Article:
June 26, 2015

HOW TWITTER UPENDED THE RELATIONSHIPS BETWEEN COMEDIANS AND AUDIENCES. “Twitter’s outrage mobs have always reminded me a bit of puritanical scolds: They sniff out heresies and denounce the heterodox, rejecting the defense that artists must have license to transgress the sensibilities of those claiming offense,” Sonny Bunch writes at the Washington Post

“If it doesn’t get laughs, you’re not gonna get work, and you’re not gonna be a comedian,” Seinfeld replies. “So the audience ultimately decides. It’s a very democratic system.”

Seinfeld’s point is an interesting one in this context. The scolds will often claim that their censoriousness is simply an artifact of the marketplace at work. But this is misdirection. The aggrieved don’t leverage their power by unfollowing an offensive person or refusing to watch their routine. When Metzger defended a fellow comic whose routine was reviled by the social justice set, his newfound foes did not say they’d skip his stand-up act and force clubs to choose between a guy who could fill a room and a guy who can’t. Rather, they combed through his Facebook history before calling for him to be fired from “Inside Amy Schumer.”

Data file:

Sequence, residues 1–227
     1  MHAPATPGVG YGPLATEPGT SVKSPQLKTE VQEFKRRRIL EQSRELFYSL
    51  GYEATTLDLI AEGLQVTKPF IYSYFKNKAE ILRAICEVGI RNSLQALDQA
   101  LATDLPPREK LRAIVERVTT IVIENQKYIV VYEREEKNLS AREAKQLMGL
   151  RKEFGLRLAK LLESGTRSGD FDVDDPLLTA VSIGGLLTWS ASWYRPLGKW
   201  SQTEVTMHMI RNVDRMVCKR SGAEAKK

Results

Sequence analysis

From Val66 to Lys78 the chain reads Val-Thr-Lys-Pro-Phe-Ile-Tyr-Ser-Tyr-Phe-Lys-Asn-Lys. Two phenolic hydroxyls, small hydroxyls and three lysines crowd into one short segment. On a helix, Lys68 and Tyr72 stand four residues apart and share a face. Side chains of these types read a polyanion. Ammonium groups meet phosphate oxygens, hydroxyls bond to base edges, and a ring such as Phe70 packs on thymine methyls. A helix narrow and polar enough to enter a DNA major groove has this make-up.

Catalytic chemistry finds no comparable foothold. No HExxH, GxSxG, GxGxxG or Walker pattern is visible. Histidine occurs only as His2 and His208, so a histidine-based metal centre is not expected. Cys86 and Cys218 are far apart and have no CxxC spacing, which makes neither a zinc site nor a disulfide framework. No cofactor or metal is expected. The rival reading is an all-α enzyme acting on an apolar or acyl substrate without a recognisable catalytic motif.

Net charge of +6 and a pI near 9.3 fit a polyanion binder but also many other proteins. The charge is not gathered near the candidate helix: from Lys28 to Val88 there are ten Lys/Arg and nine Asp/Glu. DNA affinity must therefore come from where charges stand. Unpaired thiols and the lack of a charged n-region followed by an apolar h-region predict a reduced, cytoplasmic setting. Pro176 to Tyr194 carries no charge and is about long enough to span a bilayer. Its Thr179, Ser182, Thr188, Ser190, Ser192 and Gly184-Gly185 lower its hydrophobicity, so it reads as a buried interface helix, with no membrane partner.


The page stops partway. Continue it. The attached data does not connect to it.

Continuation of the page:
As Metzger tells Maron, Schumer and Comedy Central ignored such pleas. Similarly, Comedy Central and Jon Stewart dismissed the denunciations of Trevor Noah when it was revealed he made a few questionable jokes about Jews and girls with tattoos. And here’s where we can see how to balance the rights of comedians to crack jokes with the rights of the perpetually outraged to vent their anger. You are allowed to participate with a comedian and his employer on Twitter in ways that you aren’t allowed to at the Improv. But the employers of these comedians are, similarly, allowed to ignore you.

Speaking as a fan of comedy? I hope they do.

But CEOs and bakery owners will always be fair game for the “burn the heretic” outrage mobs.